Regardless of the complexity or purpose of your website, chances are that a sitemap isn’t the first topic on your agenda. Site admins and content creators often rely on practical, user-centric web and content development, without paying a lot of attention to the back-end side of things.
However, disregarding the importance of sitemaps is risky because they can help to accomplish a critical goal of making it easier for search engines to find your website’s pages. In other words, they’re a great part of your SEO, so not having one could be a disadvantage.
But how exactly sitemaps improve SEO? They let search engines know the literal mapping of your website’s structure, starting from the top (landing page/navigation bar) to the bottom level (articles, products, etc.). This makes indexing, therefore, choosing your website for search results, much easier.
Since sitemaps are so important, let’s explore them a little bit more by taking a look at how to create a good one and the ways in which they benefit your website.
Benefits of SiteMaps
Easier Website Management
To maximize the benefits of a sitemap for your website, you have to create one from scratch As you develop your website and expand it with different categories of content, it will become harder and harder to manage, so a dedicated sitemap can help to develop a more structured, organized website from the get-go. Things like server file management, remote collaboration and page structure modification become a bit easier as a result later on.
A well-established sitemap allows to improve the experience of your visitors and customers by mapping of their journey through the website and giving ideas on optimizing it. For example, you might want to help your visitors find product pages as quickly as possible from the home page or a landing page. With a sitemap under your belt, you can create a flow which redirects them to that very section of your site.
How to create a SiteMap
1. Preparatory phase
Creating a visual sitemap requires input from a web developer and manager because the latter can define business-related knowledge while the former converts it into a good sitemap.
Before starting designing a sitemap you should define:
- The current goal of your business
- The main areas of your business
- Expansion goals that the business will pursue in the future.
Answering these questions will help you to create a sitemap that will meet all the requirements of your future users, increasing sales, and improving the overall experience of website’s users, and therefore, achieve long-term goals.
2. Create a Basic Structure
You should always start creating a sitemap from the Home Page — this way, you can create a clear hierarchy. For example, the Home Page can be the only first level page, and the second level pages – products, blog, contacts us etc. – should reflect the basic navigation.
3. The Second Level Design
The second level of the sitemap comprises a number of important site sections with a common theme such as categories of products. When designing, it’s important to look at it from the user perspective to make them easy to navigate, and providing the user with the ability to spend less time finding their way around.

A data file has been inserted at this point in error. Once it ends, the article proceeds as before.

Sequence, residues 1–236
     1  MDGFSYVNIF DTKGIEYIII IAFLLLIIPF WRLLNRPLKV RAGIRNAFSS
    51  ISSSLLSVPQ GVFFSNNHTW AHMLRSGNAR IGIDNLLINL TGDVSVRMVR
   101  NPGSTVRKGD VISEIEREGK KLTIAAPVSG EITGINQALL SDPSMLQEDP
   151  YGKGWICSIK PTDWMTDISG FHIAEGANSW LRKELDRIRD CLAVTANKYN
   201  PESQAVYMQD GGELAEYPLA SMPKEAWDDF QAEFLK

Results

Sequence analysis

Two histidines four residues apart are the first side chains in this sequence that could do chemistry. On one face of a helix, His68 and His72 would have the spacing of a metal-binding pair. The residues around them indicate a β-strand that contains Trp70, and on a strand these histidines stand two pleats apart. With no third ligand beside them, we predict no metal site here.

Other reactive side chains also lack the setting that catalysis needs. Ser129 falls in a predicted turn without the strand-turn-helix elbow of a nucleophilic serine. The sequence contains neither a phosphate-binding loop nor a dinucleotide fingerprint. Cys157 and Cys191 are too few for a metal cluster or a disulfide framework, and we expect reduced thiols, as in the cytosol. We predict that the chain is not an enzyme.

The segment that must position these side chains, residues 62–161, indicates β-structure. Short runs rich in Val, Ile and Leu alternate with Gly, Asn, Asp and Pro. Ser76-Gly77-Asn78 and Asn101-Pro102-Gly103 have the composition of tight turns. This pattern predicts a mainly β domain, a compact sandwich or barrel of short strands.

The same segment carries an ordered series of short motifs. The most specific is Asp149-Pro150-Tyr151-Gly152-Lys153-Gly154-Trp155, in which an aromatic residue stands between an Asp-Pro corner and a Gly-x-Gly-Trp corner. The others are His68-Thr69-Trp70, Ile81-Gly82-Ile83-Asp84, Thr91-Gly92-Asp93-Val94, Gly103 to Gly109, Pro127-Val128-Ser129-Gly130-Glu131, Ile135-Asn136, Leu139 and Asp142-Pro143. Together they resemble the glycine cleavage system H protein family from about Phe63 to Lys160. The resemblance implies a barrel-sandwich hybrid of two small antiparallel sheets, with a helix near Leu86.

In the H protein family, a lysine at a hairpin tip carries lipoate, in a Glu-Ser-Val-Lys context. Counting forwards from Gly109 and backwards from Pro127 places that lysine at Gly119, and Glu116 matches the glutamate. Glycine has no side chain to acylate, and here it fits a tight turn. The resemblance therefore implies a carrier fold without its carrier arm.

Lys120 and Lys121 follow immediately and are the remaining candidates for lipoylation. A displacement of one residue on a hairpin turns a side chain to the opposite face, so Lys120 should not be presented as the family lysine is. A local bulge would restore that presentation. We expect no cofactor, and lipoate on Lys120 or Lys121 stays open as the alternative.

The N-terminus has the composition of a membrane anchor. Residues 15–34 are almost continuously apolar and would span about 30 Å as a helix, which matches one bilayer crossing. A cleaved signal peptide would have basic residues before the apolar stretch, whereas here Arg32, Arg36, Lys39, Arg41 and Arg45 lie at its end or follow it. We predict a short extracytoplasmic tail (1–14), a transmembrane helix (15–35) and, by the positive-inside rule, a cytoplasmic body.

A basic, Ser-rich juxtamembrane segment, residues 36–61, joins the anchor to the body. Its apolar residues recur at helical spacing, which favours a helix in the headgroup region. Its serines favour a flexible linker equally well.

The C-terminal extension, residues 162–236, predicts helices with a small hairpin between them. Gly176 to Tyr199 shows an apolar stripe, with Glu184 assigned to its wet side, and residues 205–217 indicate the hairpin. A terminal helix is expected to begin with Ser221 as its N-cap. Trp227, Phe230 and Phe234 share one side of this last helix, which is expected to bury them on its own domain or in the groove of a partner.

Second-level pages should contain links to content inside so-called “child pages,” providing easy navigation to them. It is important that the navigation usually includes less than 10 pages of the second level.
4. “Child” Pages
Child or third-level pages are pages that contain the specific content focused on one idea. For example, if a second level page “Sports Nutrition” leads to a number of third-level pages such as “sports bars,” “amino acids,” and “protein”.
For most websites, 3 levels of page hierarchy are enough to include all content, but there are also sites where 4 or even 5 levels may be required. These are complex sites with a large range of products.
Once you have created your sitemap, the best solution is to create a duplicate to be able to test the performance of different options. This can help to create an intuitive and easy-to-use sitemap. At the testing stage, you can also experiment with different structures of the map and other ideas to find the best option to meet the needs of the visitors.
6. Page Content
Once you have finished working on the structure of your website, you have to make it more detailed to make sure that you didn’t miss anything. For example, you can add descriptions to pages so you know what subsections will be added. By doing so, you’ll never lose the focus on the main goals and consolidate up-to-date information at all stages of development.
Elisa Abbott is a freelancer whose passion lies in creative writing. She completed a degree in Computer Science and writes about ways to apply machine learning to deal with complex issues. Insights on education, helpful tools and valuable university experiences – she has got you covered 😉 When she’s not engaged in assessing translation services for PickWriters you’ll usually find her sipping cappuccino with a book.